Snorri Sturluson

(1179 - 1241)

In many countries of the world presiding officers of legislative chambers are called “speakers,” however, “speaking” is not their main task. They might occasionally say a few words, like at the beginning or the end of a session as well as when directing its proceeding. Still they are either not very consequential guardians of the procedure or on the contrary highly consequential movers of behind the scenes politics, rather than prolific narrators. Yet there was a time and a place where “speaking” was the main part of the job of a speaker. That place was The Icelandic Commonwealth (Þjóðveldið Ísland) until its demise in 1262. The exact title of the official was Speaker of the Law (lögsögumaður, literally “law speaking man“), and boy did it require speaking! Once a year the legislature Alþingi (“assembly of all”) would gather at Þingvellir (“assembly fields”) to discuss the business of the Commonwealth, but the main event of the gathering was the Lawspeaker reciting all the laws in force in Iceland in that year. By far the most famous of all Lawspeakers was Snorri son of Sturla Þórðarson, hence Snorri Sturluson. He served in that highest (and only) public office in Iceland twice, in 1215-1218 and in 1222-32. Snorri did not just recite laws. His whole life he was an active participant in the politics of both Iceland and the country from which its population originated – Norway. While Iceland was a republic (Þjóðveldið is literally “common-wealth-the” following the rules of Icelandic and Old Norse grammar), Norway was a kingdom and a more powerful entity. At certain times Snorri, who was courted and honored by King Hákon, was a supporter of king’s interests, which were to make Iceland its dependency (in which Hákon eventually succeeded). However, at other times, particularly by end of his life, Snorri became a supporter of Jarl Skule, father-in-law of the king and a pretender to the throne. That allegiance cost Snorri his life.

Yet if Snorri Sturluson had been just a player, albeit a prominent one, in medieval Norse feuds, he would have been one of many historical figures of moderate distinction. But Snorri was a poet. Indeed, his second stint as the Lawspeaker happened because of his by then considerable fame as a writer.

Most tellers of myths are nebulous figures at best or themselves mythical. Elephant Ganesha wrote down Mahabharata. Homer and other ancient Greeks lived thousands of years ago. Many other myths have no authors names attached to them. The closest to us in time myth giver is Snorri Sturluson. In 1220 he came up with what’s called Prose or Snorra (Snorri’s) Edda. It’s a collection of stories about creation, birth and genealogy of gods, feuds and eventual destruction of the world, though also its possible subsequent regeneration. This first myth telling part is called the Gylfaginning, the story of acquiring knowledge by King Gylfi, a mythical one himself. The part of Edda following that one is a treatise on the important features of Nordic poetry, the skaldic tradition. This section of Edda is called Skáldskaparmál – the language of skalds. It discusses kennings and heiti.  The former is a tradition of representing objects with their circumlocutional descriptions rather than actual names. An example of a kenning is báru fákr “wave’s horse” = “ship”. (The word kenning itself is a relative of “know” and “can”.) Heiti is a simpler one-word substitution of a more exotic, usually higher register or more archaic vocabulary for a common word. A good example is using jór – “steed” instead of the more prosaic hestr – “horse.” The term itself comes from the verb meaning “to call, to name.” Snorri presents a list of known heiti examples from skaldic poetry.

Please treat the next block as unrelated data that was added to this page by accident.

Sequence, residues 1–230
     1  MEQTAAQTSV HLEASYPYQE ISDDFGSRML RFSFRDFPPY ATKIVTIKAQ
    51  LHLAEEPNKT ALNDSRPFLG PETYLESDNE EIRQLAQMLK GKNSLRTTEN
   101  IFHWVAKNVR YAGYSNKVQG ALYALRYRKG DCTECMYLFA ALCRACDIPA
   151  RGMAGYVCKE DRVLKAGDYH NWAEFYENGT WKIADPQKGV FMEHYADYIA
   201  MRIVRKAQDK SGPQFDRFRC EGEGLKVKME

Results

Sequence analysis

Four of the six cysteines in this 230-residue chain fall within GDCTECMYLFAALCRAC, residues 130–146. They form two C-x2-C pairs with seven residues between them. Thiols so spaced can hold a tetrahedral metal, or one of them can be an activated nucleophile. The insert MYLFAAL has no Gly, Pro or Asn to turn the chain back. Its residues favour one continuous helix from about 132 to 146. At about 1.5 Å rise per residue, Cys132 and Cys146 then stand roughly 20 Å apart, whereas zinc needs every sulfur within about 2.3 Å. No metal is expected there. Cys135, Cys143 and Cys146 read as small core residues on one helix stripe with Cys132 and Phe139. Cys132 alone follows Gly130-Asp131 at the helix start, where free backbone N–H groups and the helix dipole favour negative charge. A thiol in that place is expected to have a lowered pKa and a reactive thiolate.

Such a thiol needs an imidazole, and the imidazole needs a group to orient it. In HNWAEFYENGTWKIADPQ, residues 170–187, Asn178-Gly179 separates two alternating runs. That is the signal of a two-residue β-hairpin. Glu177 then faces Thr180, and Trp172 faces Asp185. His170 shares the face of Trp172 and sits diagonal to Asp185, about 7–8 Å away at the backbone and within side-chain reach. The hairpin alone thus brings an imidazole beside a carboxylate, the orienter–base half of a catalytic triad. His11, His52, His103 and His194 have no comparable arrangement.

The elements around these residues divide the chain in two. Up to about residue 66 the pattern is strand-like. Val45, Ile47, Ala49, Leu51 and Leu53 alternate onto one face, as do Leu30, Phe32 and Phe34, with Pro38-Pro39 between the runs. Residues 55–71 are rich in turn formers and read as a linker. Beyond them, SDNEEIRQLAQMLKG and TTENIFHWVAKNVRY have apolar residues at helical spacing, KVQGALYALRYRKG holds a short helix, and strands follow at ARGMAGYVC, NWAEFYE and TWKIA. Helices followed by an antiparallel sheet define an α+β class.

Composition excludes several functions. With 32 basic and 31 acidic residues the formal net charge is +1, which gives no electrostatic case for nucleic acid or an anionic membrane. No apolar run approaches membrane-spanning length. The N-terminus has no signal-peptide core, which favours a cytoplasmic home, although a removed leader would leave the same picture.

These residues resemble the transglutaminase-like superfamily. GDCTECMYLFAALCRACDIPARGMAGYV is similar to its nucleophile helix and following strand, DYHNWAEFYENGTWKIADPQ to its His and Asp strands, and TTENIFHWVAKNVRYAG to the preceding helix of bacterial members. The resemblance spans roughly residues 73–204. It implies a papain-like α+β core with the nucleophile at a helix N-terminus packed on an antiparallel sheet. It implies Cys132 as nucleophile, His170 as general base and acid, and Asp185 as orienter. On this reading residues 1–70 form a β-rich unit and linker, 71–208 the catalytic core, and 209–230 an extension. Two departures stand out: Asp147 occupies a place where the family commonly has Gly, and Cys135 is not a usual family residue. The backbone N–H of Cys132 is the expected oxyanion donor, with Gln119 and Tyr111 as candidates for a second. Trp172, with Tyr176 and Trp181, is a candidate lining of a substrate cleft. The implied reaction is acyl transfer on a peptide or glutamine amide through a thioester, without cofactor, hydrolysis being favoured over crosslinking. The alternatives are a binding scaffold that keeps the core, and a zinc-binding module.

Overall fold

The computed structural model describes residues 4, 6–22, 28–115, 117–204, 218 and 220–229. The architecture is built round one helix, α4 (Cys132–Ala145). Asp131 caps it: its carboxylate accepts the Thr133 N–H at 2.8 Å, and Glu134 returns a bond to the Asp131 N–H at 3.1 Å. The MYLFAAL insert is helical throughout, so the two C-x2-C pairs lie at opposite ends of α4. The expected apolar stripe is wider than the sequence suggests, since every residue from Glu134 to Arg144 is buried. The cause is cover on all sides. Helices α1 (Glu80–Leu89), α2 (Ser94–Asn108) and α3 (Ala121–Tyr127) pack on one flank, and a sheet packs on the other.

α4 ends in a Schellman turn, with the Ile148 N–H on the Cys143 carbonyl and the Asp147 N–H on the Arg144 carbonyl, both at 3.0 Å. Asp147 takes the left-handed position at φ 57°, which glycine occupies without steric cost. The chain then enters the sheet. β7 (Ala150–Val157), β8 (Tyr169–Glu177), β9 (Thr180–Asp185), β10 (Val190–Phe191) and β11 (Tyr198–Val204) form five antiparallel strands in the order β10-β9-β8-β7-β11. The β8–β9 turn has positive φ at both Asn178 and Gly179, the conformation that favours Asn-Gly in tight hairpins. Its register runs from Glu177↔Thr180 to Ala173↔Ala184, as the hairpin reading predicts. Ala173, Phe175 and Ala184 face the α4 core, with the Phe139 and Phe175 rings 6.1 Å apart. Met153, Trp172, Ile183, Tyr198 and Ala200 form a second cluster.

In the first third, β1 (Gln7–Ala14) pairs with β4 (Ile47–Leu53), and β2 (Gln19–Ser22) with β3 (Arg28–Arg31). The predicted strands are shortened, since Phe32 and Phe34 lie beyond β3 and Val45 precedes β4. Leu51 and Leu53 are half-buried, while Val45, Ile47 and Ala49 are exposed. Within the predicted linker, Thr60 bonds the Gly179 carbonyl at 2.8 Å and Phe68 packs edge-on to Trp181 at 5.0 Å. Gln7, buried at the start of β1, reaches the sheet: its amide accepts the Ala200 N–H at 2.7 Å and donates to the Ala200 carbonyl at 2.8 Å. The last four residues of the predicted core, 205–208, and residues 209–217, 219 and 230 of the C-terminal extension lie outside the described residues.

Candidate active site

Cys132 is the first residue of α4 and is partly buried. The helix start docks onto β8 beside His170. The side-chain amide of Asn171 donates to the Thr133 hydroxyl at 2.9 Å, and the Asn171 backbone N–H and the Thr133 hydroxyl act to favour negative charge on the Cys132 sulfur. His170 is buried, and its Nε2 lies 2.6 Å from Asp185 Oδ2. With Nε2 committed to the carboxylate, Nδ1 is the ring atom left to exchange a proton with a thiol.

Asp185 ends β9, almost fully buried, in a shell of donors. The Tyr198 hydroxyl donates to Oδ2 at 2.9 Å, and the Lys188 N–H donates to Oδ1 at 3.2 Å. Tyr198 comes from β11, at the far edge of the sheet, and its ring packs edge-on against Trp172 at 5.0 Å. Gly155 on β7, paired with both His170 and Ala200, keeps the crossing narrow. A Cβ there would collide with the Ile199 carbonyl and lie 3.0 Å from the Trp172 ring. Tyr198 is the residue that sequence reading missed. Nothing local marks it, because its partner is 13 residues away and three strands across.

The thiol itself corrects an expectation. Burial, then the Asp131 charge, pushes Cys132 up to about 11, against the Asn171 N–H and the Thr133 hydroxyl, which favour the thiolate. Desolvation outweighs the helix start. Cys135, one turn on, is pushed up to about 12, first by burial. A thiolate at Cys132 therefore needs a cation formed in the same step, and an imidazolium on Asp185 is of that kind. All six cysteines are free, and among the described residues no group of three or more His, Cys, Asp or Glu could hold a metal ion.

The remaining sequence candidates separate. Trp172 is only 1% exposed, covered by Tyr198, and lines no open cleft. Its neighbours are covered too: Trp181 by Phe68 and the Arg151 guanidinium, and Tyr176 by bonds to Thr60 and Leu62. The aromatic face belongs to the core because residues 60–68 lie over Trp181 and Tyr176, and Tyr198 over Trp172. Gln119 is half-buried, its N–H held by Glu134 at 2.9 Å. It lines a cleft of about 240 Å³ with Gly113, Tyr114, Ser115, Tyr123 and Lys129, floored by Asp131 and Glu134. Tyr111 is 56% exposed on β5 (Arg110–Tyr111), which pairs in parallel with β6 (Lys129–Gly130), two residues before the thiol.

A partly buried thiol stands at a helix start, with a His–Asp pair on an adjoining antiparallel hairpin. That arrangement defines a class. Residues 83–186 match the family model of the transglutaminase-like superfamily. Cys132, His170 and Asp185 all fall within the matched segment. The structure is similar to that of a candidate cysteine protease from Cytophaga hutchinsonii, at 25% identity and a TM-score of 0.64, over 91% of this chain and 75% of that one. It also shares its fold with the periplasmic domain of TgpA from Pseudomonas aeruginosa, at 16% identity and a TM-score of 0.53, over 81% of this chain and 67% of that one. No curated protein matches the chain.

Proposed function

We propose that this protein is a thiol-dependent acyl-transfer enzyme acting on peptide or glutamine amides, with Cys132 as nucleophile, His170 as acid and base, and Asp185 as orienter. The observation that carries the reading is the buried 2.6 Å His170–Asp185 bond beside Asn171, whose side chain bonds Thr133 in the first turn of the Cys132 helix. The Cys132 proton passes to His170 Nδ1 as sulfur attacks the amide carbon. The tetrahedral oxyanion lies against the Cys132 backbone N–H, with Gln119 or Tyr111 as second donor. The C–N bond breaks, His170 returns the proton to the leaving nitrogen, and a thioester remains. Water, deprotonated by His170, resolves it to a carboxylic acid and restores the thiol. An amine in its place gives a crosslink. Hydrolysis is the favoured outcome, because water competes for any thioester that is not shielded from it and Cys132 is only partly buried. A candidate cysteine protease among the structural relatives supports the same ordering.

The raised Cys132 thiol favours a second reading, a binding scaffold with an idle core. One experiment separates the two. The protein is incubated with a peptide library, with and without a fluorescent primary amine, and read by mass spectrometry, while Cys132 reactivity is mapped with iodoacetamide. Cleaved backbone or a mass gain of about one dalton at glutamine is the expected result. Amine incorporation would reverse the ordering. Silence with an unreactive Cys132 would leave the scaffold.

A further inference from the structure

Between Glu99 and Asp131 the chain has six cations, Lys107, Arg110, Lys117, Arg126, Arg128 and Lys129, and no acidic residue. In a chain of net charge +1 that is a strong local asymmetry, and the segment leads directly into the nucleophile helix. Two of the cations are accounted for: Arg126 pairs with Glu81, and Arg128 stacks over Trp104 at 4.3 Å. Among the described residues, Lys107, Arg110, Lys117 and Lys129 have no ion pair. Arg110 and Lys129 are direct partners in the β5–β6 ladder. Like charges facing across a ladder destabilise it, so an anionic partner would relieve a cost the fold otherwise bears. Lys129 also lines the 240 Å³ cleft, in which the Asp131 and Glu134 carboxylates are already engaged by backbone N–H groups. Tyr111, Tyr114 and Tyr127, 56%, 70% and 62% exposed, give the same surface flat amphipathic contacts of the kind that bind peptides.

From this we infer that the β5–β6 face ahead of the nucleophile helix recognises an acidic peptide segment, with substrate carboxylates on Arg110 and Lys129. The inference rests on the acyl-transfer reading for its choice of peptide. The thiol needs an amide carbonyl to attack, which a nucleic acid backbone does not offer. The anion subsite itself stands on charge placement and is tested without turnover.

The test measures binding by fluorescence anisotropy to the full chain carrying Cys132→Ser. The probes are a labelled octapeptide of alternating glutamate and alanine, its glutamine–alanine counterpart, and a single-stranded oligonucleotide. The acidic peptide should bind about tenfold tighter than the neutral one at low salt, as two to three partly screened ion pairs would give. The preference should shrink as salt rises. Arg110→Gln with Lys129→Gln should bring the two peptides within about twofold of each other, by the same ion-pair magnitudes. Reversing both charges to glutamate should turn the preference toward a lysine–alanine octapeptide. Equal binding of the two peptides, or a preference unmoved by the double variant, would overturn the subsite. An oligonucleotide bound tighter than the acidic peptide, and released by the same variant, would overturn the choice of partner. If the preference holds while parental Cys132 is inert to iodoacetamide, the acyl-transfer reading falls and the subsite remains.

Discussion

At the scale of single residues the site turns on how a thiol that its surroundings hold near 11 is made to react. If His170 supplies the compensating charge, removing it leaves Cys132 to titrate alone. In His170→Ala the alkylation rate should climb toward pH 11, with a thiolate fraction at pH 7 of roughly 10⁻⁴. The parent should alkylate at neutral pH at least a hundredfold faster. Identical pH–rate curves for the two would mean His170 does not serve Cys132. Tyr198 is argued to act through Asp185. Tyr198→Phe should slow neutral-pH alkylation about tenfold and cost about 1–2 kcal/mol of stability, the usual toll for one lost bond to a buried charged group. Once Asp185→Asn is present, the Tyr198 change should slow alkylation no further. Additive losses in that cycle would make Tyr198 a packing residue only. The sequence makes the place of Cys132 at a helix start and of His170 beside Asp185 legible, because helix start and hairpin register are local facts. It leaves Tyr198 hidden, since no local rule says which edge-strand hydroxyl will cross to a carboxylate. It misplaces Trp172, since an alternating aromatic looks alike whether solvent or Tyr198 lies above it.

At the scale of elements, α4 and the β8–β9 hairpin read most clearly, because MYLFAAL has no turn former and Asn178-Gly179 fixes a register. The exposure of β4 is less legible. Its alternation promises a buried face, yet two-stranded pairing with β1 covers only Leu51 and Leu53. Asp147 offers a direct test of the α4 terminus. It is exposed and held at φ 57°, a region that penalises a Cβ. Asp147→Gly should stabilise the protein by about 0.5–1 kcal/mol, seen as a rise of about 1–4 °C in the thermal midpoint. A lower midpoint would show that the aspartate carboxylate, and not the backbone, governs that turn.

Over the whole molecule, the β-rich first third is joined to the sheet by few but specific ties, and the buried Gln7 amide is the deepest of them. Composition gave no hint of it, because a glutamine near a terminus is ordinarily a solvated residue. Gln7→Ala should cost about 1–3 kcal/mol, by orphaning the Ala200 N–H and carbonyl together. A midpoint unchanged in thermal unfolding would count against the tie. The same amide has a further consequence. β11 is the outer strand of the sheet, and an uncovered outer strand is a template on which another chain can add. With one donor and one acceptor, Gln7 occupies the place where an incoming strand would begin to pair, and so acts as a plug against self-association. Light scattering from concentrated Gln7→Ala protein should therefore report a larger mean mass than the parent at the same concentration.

Such was the acclaim of Snorri’s work that his second election as a Lawspeaker was assured by his new literary reputation. But he was not done yet.He embarked on another major writing project, the history of Scandinavian kings. It starts with some legendary ones but also treats historic rulers on the span of the three centuries leading to Snorri’s time. The title of the work, given to it later, is Heimskringla, which means “world’s circle.” It is based, however, not on the broad sweep of the narrative, but on the words in the beginning of the text, nomenclature similar to the Hebrew names of the books of the bible. As I mentioned above, he not only chronicled past royal deeds but took an active part in the contemporary ones, ultimately with a sad end.

In 1218 Snorri left his position and sailed to Norway on young King Hákon Hákonarson’s invitation. He also met co-regent Jarl Skúli. When he returned to Iceland two years later, he was a supporter of the union with Norway. Many years of political and military turbulence in Iceland followed. At his next visit to Norway in 1238 Snorri was persuaded to support Jarl Skúli instead, who had been feuding with the king. Snorri returned to Iceland in 1239 (Skúli was defeated and killed in 1240). Snorri’s turn came a year later. He was besieged in his stronghold in Reykholt, which unluckily for him was not strong enough, and assassinated there on the orders of the king.

I did not get to visit Reykholt, but we surely flew over it on the way to Snæfellsnes (see the story of our adventures in Iceland, including at the Alþingi here).

The Gylfaginning was translated to Spanish and commented on by Jorge Luis Borges, another cultural hero of mine.

Old Snorri

Þingvellir, the site of the Alþingi

Snorra Edda